So, if you go to a popular site and see that every robo-advisor earns 4.5 stars, that should make you skeptical. It makes me skeptical, anyhow. And note that nobody talks about Vanguard Digital Advisor, the largest robo-advisor out there. Why not? Because Vanguard doesn’t pay commissions for sending people their way. Ah, that thin green line makes it so difficult to trust financial websites sometimes!

After I wrote this article, Tom and I chatted. We’ve agreed that as we bring on staff writers here at Get Rich Slowly, it’d probably be a good idea to have them review various robo-advisors. We get a lot of questions about them in the Facebook group, but I personally don’t want to take the time to investigate all of them. I just don’t care. (Plus, I think most readers are best served by managing their money themselves.)

As we do this, though, I don’t want to take the same approach as everybody else. Sure, the our reviews will probably be cursory, the same as everyone else. They’ll provide the basics of each product and not much more. But we won’t patronize you by rating every service 4.5 stars. (I doubt that we’ll provide ratings at all!) And if we ever do a round-up of “best robo-advisors”, we’re not going to simply recommend those that pay us. That’s a bunch of bullshit.

Bonus! Although I didn’t know much about robo-advisors before researching this article, I am a huge huge fan of the Wealthsimple magazine. It’s outstanding. The magazine’s money diaries are great. So are the how-to pieces and the customer questions. And relevant for me and Tom is this recent piece on the in-game economy for Nintendo’s Animal Crossing: New Horizons. (Both Tom and I are playing the game at the moment. Our Monday calls often start with a discussion of turnip prices.)

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There are 13 comments to "What is a robo-advisor? An introduction to automated investment tools".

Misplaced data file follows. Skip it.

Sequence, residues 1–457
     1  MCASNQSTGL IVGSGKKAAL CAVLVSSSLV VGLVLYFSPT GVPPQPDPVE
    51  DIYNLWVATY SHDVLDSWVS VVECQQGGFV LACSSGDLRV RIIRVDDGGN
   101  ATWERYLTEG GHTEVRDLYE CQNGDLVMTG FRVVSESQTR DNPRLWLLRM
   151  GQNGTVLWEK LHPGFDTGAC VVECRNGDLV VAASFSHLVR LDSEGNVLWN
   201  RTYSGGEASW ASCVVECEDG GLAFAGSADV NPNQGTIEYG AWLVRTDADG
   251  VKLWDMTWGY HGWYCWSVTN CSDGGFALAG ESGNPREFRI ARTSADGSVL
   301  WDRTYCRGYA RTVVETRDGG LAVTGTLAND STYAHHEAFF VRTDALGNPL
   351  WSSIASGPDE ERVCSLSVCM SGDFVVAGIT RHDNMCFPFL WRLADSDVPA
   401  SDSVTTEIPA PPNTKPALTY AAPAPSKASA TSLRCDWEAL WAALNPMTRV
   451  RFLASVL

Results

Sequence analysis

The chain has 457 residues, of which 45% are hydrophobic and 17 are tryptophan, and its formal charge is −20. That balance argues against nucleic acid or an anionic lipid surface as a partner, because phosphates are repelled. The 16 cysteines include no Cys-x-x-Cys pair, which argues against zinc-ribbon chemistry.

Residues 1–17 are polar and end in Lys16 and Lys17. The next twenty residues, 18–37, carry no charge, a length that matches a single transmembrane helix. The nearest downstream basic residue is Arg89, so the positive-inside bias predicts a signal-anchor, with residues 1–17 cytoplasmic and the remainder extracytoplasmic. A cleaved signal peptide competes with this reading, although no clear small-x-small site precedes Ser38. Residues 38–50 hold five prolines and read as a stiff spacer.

1. Bryan says 10 June 2020 at 15:32

    Great article, though I’m afraid it misses the elephant in the room with respect to robo-advisors: Mutual funds already do all this. There are a bazillion mutual funds out there with risk levels specifically targeted to what you want, some with glide paths to automatically readjust as time goes on. Typically, an index-driven passive mutual fund is going to cost less than a robo-advisor. I’ve yet to meet someone who really needs the extra customization that a robo-advisor could offer.

    So what can robo-advisors offer that mutual funds can’t? Automated Tax Loss Harvesting. One whitepaper (I believe it was Betterment) estimated that this process could provide 50 basis points (half a percent) increased growth year-over-year. If it’s true, that’s something, but it’s significantly offset by the cost. And it 100% does not apply to investments in tax-advantaged accounts, which is the majority of retirement funds in the US.

    • J.D. says 10 June 2020 at 16:03

      Awesome comment, Bryan. Thanks. I have high hopes that the responses to this article will help educate me — and GRS readers — even more. This is a terrific start.

      For those who are interested, here’s the white paper that Bryan mentioned: Betterment’s tax-loss harvesting methodology.

  2. Natalie says 11 June 2020 at 06:25

    Going to share a personal experience here: I used Wealthfront for about a year while I was learning more about investing. You are right to call it “training wheels”. When I was ready I transferred everything to Vanguard and began managing on my own. The process was not difficult.